KARCHER v. MAY
Legal provision: Federal Rules of Civil Procedure, including Appellate Procedure (or relevant rules of a circuit court)
ORAL ARGUMENT OF NORMAL L. CANTOR ON BEHALF OF RESPONDENTS
Chief Justice William H. Rehnquist: We will hear argument first this morning on No. 85-1551, Alan Karcher v. Jeffrey May.
Mr. Lee, you may proceed whenever you are ready.
Mr. Lee: Thank you, Mr. Chief Justice, and may it please the Court:
This case presents two questions.
The first concerns the Article 3 standing of Defendants to defend against constitutional attack, a New Jersey statute which permits one minute of silence during the day, during which they may engage in introspection and contemplation.
And the second issue concerns the constitutionality of that statute on the merits.
Our basic position on standing is that we meet the core Article 3 requirement.
That requirement as has been stated by Baker v. Carr is such a personal stake in the outcome as to assure that concrete adverseness which sharpens the presentations of the issues.
It is important to analyze that against the background of this one central fact in this case.
It was not Messrs. Karcher and Orechio that invoked the Federal judicial machinery in this case.
It is the Appellees, themselves, the very ones who are calling standing into question who are the Plaintiffs.
But once the suit was brought and the Attorney General and the other executive officers refused to defend the statute, then it was proper for Messrs. Karcher and Orechio to defend the statute as intervenors in defense of their own reputation as legislators.
That is what they do for a living.
They pass legislation.
Their job is to pass good legislation, to pass responsible legislation, to pass constitutional legislation.
And their reputational stake in life depends on their ability to pass such legislation.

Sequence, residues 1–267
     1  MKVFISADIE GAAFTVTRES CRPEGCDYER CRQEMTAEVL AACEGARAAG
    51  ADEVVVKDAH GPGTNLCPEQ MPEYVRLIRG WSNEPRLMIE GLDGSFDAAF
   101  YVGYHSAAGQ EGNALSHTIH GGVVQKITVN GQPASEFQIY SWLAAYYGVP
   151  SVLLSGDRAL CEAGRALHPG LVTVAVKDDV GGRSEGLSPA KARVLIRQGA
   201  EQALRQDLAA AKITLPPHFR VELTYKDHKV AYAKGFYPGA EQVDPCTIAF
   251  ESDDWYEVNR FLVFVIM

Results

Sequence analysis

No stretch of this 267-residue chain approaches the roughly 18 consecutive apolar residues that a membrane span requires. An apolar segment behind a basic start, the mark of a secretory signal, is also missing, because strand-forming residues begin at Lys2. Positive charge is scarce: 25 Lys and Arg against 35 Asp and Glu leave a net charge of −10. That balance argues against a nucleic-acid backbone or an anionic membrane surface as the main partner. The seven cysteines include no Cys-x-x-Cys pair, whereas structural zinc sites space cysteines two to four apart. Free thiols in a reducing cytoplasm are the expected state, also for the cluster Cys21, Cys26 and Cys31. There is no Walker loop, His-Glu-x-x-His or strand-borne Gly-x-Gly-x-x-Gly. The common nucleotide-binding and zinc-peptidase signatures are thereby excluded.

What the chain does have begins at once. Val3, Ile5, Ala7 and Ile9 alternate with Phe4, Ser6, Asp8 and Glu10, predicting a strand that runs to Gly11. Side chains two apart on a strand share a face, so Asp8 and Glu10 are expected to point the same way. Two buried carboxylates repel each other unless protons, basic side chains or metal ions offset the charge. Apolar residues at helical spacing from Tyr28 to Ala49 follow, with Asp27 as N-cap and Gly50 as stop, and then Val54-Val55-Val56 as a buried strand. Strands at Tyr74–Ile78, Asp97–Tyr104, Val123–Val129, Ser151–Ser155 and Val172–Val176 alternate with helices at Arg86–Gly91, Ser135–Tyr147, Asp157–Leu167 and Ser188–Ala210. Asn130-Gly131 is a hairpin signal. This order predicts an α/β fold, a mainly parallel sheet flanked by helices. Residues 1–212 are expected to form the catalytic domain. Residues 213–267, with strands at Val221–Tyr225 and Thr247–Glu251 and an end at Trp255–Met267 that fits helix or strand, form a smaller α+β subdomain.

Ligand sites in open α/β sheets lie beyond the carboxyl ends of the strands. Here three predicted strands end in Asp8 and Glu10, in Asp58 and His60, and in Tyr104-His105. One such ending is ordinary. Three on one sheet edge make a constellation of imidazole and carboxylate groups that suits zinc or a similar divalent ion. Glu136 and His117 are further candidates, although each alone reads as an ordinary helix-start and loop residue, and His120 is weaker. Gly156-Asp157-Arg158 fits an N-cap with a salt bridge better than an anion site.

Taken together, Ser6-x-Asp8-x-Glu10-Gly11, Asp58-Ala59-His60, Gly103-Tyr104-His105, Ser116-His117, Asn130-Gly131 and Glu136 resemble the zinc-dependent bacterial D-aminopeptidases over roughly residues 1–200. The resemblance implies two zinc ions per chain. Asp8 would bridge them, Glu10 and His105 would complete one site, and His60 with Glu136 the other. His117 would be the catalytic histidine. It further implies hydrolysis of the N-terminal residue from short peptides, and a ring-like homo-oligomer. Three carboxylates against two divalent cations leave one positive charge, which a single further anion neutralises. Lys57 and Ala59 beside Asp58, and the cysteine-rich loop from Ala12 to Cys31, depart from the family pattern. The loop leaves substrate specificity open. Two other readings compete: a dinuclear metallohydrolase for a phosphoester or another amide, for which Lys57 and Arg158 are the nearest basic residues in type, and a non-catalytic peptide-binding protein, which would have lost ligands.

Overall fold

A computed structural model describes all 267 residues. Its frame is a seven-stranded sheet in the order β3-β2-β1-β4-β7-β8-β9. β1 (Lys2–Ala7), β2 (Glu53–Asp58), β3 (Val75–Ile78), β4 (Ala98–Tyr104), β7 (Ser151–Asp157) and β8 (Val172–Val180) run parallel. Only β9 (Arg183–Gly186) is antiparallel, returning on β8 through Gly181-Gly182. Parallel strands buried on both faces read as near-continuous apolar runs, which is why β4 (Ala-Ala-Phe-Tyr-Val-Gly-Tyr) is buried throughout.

Unidentified Justice: In New Jersey, is that a full-time job, Mr. Lee?
Mr. Lee: I honestly don't know, Justice Blackmun whether it is or not.
Unidentified Justice: In some states, it isn't, of course.
Mr. Lee: I do not know whether it is in New Jersey or not.
Unidentified Justice: Mr. Lee, wasn't it reasonably clear from the record that Mr. Karcher and Mr. Orechio appeared in their official capacity?
They intervened in that capacity.
Mr. Lee: They did intervene in their official capacity.
That is correct.
Unidentified Justice: And they no longer hold the offices that they held at the time they intervened as Speaker and President, respectively; is that correct?
Mr. Lee: At the time that they intervened, they did hold those offices, yes.
Unidentified Justice: Yes, but they no longer do.
Mr. Lee: They do not at the present time.
That is correct.
Unidentified Justice: And why, under our Federal Rules, are not their successors automatically substituted?
Mr. Lee: Necessarily, under the rules apply... do not apply by their own terms to legislative officers.
Those officers... those rules apply, in our view, to executive officers who do have ongoing responsibilities and, therefore, the language of the rules substituting one for the other makes sense.
It does not make sense in the context of legislators.
And, in any event, because of their interest as legislators, as the producers of this legislative product, they have standing, core representational standing, reputational standing because of their own interest in their own reputation for their ability to pass legislation and have it upheld as constitutional.
Unidentified Justice: Mr. Lee, would you make--
Mr. Lee: They also have standing in their own respect.
Unidentified Justice: --Would you make that same argument if they had been defeated and were no longer members of the legislature?